Back to Putin’s apparent role: in his capacity as presidential national security advisor, Sandy’s Kremlin counterpart, Putin was either hedging his bets on how Russia’s own interagency dynamics would play out, or he was actively throwing in
his lot with Kvashnin and Ivashov—who, in turn, were defying their minister and superior officer, Sergeyev, not to mention their commander-in-chief, Yeltsin himself.
Eight weeks later, Yeltsin stunned the world by promoting Putin to prime minister
and designated successor, thus setting him up to be Bill Clinton’s Kremlin counterpart. During the interregnum, Putin did everything he could to burnish his law-and-order image, including identifying himself with Moscow’s scorched earth conduct of the war in Chechnya (“Russia’s Kosovo,” as we kept hearing).
However, with regard to relations with the outside world, Putin stuck with the soothing partnyorstvo line. I saw him just before Christmas, nine days before Yeltsin resigned. Russia, Putin said, “belongs in the West.” He wanted to show, and I quote, “our own people and the world that on the really big issues, we’re on the same side,” and he added that he had “no use” for those in his country who thought—again, his words—“isolation, retrenchment, and confrontation were an option for Russia.” While he made no reference to Yeltsin, at least he was affirming Yeltsin’s basic orientation. That was, no doubt, the message he wanted me to pass to Washington. While I did so, I remembered that this was the same guy who had assured our delegation a few months before that there was nothing to the reports we were hearing about the Russian army breaking bad over Kosovo.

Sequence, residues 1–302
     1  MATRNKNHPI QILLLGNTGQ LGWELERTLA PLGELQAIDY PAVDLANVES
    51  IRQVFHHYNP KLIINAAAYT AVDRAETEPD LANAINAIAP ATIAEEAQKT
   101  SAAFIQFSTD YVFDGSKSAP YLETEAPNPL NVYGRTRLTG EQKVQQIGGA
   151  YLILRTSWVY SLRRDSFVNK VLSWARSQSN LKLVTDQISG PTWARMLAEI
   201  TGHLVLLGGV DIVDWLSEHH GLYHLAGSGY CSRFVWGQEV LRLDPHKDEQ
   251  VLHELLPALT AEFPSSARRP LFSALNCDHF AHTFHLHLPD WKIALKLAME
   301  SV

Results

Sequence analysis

So that’s the backstory.
Here we are 15 years later, living through the unfolding big story in which Putin is the protagonist and, to an increasing degree, our antagonist. He has made himself—particularly in his third term—the champion of precisely those in his country who have for a quarter of a century favored retrenchment in its domestic order. He’s rolled back democratization and enfranchisement of the regions. He’s muzzled and monopolized the media on behalf of propaganda and disinformation. He’s come up with his own highly revised vocabulary for what are essentially reinstatements of the pillars of Soviet rule: “managed democracy” and “the vertical of power.”
In foreign policy, he’s replaced partnership with competition. He’s scorned Russia’s European vocation and embraced the Eurasian option. He’s been at it for a long time. Putin’s bracing speech at the Munich Security Conference in 2007 echoed
Pavlov and Kryuchkov’s accusations in 1991 that Gorbachev was letting foreigners (like you, Graham) foist their interests, rules, and values on Russia.